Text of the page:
Book Review: Miss Pym Disposes

22 Nov

In my efforts to complete the reading challenges I have set for myself (yes it is almost December), I chose Josephine Tey’s Miss Pym Disposes to satisfy two challenges.  Here are my thoughts:


Miss Lucy Pym, a popular English psychologist, is guest lecturer at a physical training college. The year’s term is nearly over, and Miss Pym — inquisitive and observant — detects a furtiveness in the behavior of one student during a final exam. She prevents the girl from cheating by destroying her crib notes. But Miss Pym’s cover-up of one crime precipitates another — a fatal “accident” that only her psychological theories can prove was really murder.



Josephine Tey is one of the best-known and best-loved of all crime writers. She began to write full-time after the successful publication of her first novel, The Man in the Queue (1929), which introduced Inspector Grant of Scotland Yard. In 1937 she returned to crime writing with A Shilling for Candles, but it wasn’t until after the Second World War that the majority of her crime novels were published. Josephine Tey died in 1952, leaving her entire estate to the National Trust.



My Impressions:

Miss Pym Disposes is a typically British mystery set at the Leys Physical Training Institute (PTI) in post WWII.  A PTI seems to be a college for women that prepares them for jobs in the fields of physical education, physical therapy and nursing.  The training is rigorous — the young women are run from gymnastic and dancing classes to anatomy classes to clinics from 5:30 in the morning until 8:00 at night.  Miss Lucy Pym comes to the school as a Friday evening guest lecturer because of her celebrity in writing The Book, a refutation of psychological theory.  Miss Pym was a French teacher who read a lot of psychology books and then wrote her own.  She is the darling of literary circles and finds the enthusiasm and youth of Leys to be a tonic and so stays on to enjoy the last days of the term when the Seniors are due to give their final Demonstration to family and friends prior to graduation.  But beneath the exuberance and excitement there is tension and malice.  The competition for a position at a prestigious girl’s school proves too much for both staff and students, and one of their number is murdered.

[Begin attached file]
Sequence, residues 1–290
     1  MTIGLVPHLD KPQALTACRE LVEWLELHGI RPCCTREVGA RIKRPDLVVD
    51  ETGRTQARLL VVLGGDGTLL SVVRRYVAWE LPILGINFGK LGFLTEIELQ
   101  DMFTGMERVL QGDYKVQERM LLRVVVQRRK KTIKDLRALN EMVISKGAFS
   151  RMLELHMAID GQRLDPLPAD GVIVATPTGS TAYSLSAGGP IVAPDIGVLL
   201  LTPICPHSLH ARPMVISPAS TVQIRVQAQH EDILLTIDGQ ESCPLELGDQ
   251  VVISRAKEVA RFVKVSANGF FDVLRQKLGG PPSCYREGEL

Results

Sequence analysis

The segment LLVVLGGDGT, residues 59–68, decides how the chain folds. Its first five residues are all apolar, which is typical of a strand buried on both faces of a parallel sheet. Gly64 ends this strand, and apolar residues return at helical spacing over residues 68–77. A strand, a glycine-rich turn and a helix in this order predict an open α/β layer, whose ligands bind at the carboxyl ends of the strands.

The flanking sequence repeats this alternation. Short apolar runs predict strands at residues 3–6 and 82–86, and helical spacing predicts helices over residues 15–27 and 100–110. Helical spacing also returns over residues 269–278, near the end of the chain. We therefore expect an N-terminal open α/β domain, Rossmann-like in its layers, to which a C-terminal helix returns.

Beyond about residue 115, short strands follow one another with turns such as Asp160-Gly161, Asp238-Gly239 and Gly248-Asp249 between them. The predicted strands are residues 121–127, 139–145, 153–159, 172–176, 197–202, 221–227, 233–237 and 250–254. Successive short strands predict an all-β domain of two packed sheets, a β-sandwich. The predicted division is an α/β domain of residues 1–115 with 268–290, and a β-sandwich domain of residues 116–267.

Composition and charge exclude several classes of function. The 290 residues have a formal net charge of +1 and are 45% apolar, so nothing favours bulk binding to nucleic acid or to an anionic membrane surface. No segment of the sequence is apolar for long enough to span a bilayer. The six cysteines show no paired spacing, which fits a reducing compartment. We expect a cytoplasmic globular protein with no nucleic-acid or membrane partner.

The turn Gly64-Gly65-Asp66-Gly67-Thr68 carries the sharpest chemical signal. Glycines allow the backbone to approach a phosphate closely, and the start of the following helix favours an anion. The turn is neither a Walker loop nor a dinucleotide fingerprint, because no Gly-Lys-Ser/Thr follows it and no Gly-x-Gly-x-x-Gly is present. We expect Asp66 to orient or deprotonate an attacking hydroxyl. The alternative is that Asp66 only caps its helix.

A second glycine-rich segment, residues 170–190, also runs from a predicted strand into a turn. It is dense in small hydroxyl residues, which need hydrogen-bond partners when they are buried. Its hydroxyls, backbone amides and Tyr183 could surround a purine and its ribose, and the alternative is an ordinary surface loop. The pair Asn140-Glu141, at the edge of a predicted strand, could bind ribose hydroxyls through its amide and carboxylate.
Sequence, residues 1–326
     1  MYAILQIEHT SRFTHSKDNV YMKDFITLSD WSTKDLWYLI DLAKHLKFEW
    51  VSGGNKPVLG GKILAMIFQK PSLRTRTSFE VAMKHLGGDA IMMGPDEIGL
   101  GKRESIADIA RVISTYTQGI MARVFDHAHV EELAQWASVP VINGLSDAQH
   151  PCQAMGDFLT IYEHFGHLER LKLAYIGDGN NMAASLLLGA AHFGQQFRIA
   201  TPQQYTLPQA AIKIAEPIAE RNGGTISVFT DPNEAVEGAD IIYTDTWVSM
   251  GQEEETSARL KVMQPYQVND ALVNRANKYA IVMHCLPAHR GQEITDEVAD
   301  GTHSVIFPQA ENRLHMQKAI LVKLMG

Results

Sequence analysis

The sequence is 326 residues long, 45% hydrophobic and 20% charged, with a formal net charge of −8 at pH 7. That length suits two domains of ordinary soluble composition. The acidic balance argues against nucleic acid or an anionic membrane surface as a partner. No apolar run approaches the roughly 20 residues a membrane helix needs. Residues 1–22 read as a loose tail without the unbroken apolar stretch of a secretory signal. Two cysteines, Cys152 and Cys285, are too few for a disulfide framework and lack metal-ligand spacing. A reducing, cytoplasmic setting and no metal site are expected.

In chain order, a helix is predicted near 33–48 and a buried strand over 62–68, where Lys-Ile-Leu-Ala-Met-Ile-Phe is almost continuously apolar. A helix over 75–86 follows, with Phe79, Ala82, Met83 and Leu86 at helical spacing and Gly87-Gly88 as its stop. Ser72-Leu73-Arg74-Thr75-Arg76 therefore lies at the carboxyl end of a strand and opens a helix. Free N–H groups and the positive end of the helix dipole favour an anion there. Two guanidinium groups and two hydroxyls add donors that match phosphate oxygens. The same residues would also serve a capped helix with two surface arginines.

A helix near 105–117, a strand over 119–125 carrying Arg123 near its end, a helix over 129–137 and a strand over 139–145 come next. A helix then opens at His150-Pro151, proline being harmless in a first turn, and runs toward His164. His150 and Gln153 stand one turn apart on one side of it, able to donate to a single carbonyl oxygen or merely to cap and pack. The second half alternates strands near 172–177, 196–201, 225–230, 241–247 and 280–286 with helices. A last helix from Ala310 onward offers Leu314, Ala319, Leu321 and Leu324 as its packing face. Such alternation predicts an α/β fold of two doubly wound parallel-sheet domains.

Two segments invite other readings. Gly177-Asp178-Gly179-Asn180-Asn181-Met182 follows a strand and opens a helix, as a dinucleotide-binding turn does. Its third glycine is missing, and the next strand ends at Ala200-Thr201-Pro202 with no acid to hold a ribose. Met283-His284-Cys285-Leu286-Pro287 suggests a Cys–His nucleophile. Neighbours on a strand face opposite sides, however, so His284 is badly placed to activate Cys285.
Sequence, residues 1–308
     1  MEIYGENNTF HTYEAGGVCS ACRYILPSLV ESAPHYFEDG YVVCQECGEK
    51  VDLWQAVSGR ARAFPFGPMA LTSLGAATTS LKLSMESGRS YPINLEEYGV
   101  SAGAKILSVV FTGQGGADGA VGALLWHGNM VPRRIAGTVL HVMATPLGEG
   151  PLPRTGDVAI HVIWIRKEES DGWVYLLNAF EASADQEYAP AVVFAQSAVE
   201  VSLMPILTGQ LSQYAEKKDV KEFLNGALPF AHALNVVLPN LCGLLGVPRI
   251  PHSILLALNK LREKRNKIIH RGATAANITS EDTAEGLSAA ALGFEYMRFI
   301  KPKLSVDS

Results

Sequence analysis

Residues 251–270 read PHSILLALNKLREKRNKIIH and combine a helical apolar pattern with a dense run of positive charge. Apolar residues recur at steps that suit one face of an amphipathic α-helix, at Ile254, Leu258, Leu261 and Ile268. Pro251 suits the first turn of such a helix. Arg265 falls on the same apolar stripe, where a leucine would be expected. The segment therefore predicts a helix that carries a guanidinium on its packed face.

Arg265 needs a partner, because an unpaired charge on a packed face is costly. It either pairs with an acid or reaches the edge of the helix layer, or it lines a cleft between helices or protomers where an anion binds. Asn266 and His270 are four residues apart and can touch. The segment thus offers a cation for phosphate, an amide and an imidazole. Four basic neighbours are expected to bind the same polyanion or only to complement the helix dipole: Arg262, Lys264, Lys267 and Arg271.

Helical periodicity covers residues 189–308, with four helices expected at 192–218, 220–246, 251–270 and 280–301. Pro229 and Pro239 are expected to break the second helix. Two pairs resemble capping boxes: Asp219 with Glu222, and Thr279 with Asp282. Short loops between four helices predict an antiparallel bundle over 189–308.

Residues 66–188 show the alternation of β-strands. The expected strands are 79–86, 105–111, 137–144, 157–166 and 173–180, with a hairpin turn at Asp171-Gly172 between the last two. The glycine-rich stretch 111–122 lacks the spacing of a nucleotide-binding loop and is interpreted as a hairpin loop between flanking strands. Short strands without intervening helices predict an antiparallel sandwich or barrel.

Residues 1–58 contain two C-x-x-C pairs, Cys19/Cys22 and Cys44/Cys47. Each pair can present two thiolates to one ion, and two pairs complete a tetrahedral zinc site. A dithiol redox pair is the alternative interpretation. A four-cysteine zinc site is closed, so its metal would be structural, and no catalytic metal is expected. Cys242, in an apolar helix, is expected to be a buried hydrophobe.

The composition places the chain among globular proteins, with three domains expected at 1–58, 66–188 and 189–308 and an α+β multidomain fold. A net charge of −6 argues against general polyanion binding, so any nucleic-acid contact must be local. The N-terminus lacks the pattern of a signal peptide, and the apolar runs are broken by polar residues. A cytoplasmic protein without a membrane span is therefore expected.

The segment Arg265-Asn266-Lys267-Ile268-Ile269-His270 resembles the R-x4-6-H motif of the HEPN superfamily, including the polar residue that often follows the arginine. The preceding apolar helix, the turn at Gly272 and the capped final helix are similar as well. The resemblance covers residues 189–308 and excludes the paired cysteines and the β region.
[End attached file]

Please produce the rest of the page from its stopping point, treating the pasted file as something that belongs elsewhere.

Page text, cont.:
Miss Pym Disposes is witty and fun, yet dated.  The cultural references may be lost to the current generation and some of the aphorisms may be racially offensive.   I generally skipped over the references I didn’t understand and chalked up some of the language as pre-Civil Rights.  Neither really added to the mystery at hand.  All in all, it was a good way to spend a lazy weekend.  But if you really want to read a great mystery by Josephine Tey, I recommend Daughter of Time instead.

(I chose this book from my shelves.  The review is completely unsolicited.)

5 Responses to “Book Review: Miss Pym Disposes”

  1. Koala Bear Writer November 22, 2011 at 7:07 pm #

    You didn’t mention what two challenges this book satisfies. 🙂 I’m finishing up two writing classes and looking forward to being able to read for fun again in a couple weeks. Spending a weekend reading sounds delightful.

    • rbclibrary November 23, 2011 at 8:06 am #

      This book went on reading from my shelves challenge and the 11 in 11 challenge – classic mystery. Good luck in your classes.

  2. hopeinbrazil November 26, 2011 at 10:52 am #

    I keep hearing about this author, but have never given her a try. Thanks for piquing my interest further.

  3. susan (Reading World) November 26, 2011 at 12:16 pm #

    I have Daughter of Time on my bookshelf. Thanks for the reminder that it needs to be read!

    • rbclibrary November 26, 2011 at 2:19 pm #

      I really liked Daughter of Time. I read it after I read Sunne in Splendor by Sharon Kay Penman.

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